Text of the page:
PSA numbers (prostate-specific antigen) are not as precise an indicator of prostate cancer as we’d like to think they are, which makes the answer to this question complicated — in fact, it’s more like two questions:
- Will TRT increase your PSA numbers?
- Will TRT cause prostate cancer?
Let’s start with the first question:
Will Testosterone Replacement Therapy for Low Testosterone Increase Your PSA Numbers?
The short answer is yes, but it’s not the danger you think it is.
According to this article: “…men receiving testosterone will have an associated increase of 0.30 ng/mL/y in serum PSA, with older men experiencing a greater increase of 0.43 ng/mL/y.”
However, the same article makes a very important qualification: “Hypogonadal men [men with low testosterone] have depressed PSA levels compared to normal age-matched men…”
So there’s this idea that your PSA level is directly tied to your risk of prostate cancer — if you have a high PSA, you must have prostate cancer (or you’re very likely to develop it). This is simply not how it works.
However, your levels are likely to be lower than they should be if you’re suffering from low testosterone.
Getting your testosterone levels back to normal (normal for your body) is likely doing the same for your PSAs — you’re just getting back to where you would be if you didn’t have low testosterone.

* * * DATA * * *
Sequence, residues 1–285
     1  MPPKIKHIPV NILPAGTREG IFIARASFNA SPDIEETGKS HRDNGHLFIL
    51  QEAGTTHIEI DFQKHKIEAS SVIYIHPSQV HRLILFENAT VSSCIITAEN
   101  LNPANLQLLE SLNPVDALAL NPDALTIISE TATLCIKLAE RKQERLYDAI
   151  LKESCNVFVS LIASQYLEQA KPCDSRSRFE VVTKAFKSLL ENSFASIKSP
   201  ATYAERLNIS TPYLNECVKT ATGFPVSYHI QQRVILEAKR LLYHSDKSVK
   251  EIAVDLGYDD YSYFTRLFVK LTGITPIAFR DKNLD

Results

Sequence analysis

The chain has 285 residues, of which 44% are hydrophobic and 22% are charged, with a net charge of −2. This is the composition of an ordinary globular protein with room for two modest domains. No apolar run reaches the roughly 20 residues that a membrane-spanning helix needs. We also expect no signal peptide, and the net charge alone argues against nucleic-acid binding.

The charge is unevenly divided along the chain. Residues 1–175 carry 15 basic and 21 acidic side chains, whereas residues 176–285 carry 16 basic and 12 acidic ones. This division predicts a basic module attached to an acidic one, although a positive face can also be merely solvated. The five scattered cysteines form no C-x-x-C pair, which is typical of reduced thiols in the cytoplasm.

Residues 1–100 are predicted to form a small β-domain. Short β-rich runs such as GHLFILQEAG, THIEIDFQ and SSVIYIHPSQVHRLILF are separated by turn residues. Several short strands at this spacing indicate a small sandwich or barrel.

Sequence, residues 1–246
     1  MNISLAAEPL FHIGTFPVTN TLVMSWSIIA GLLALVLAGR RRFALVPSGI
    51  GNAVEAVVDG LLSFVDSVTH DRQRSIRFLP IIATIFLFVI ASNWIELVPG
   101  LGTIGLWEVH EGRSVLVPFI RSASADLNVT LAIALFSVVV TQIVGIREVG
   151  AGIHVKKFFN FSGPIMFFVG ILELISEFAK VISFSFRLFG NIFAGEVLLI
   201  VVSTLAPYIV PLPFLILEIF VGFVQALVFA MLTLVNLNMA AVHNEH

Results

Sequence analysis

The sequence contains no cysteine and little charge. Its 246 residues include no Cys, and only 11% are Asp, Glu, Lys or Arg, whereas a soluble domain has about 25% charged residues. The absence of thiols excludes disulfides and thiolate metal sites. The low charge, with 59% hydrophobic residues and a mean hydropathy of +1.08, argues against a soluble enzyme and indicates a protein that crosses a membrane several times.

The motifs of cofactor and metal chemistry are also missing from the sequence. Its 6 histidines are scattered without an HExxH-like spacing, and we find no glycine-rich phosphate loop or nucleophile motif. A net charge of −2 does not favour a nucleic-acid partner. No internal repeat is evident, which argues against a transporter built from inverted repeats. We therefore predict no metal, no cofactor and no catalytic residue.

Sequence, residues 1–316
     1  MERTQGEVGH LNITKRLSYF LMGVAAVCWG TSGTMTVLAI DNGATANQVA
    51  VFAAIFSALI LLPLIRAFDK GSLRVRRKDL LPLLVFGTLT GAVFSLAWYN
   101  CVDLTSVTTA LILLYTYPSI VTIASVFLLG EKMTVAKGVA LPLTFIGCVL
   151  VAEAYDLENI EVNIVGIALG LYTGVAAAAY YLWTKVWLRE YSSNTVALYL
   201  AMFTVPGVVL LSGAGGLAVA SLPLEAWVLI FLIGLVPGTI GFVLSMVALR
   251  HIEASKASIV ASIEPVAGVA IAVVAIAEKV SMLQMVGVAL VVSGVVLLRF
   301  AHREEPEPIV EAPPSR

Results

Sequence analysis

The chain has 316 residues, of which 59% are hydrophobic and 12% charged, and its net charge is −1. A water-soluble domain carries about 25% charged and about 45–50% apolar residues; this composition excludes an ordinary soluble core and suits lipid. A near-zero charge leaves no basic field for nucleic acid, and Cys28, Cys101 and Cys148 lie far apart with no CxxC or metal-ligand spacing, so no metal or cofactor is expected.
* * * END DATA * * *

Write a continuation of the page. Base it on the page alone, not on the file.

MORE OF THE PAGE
PSA Numbers Above 4.0 ng/mL Don’t Automatically Mean Prostate Cancer
Even if your PSA numbers go up, that doesn’t mean you’re going to automatically get prostate cancer.
We know now that prostate cancer has many more risk factors than your PSA levels — in fact, it’s not even clear that a baseline for prostate-specific antigens even exists.
It used to be that PSA numbers above a certain level (about 4.0 ng/mL) was considered abnormal, the idea being that an elevated level (PSA above 4.0 ng/mL) could indicate prostate cancer and was reason for recommending a biopsy of the prostate.
Today, we look at things a little differently.
In fact, depending on your age, the “baseline” may be much lower than 4.0, possibly closer to 3.0 or even 2.0.
However, I use that term “baseline” loosely — we simply don’t know if such a baseline even exists, and it seems to be the case that the level of your prostate-specific antigens is only one of many different risk factors for prostate cancer.
Furthermore, the speed with which change occurs matters. We monitor something called your PSA velocity, or rapidity of change over time, and this allows us to keep track of potentially abnormal changes that could “fly under the radar” by remaining below the upper limits of normal.
As for our second question…
Will Testosterone Replacement Therapy (TRT) Cause Prostate Cancer?
The answer is simple on this one — no, it won’t.
According to the same article cited above: “Although the hormonal responsiveness of prostate cancer is well established, it is generally accepted that TRT does not induce the development of prostate cancer.”
Testosterone replacement therapy is not going to cause you to develop prostate cancer. And even if your PSA numbers are a little high to begin with, it’s unlikely that TRT is going to worsen the situation.
However, we should still be careful and keep a close eye on your PSA numbers if you have other risk factors.
When you begin therapy, one of the first things we do is to assess all your critical indicators, find out your hormone levels, and then recommend an appropriate course of action.
It all starts with a testosterone blood test.
Learn more about the $25 Low T Test here.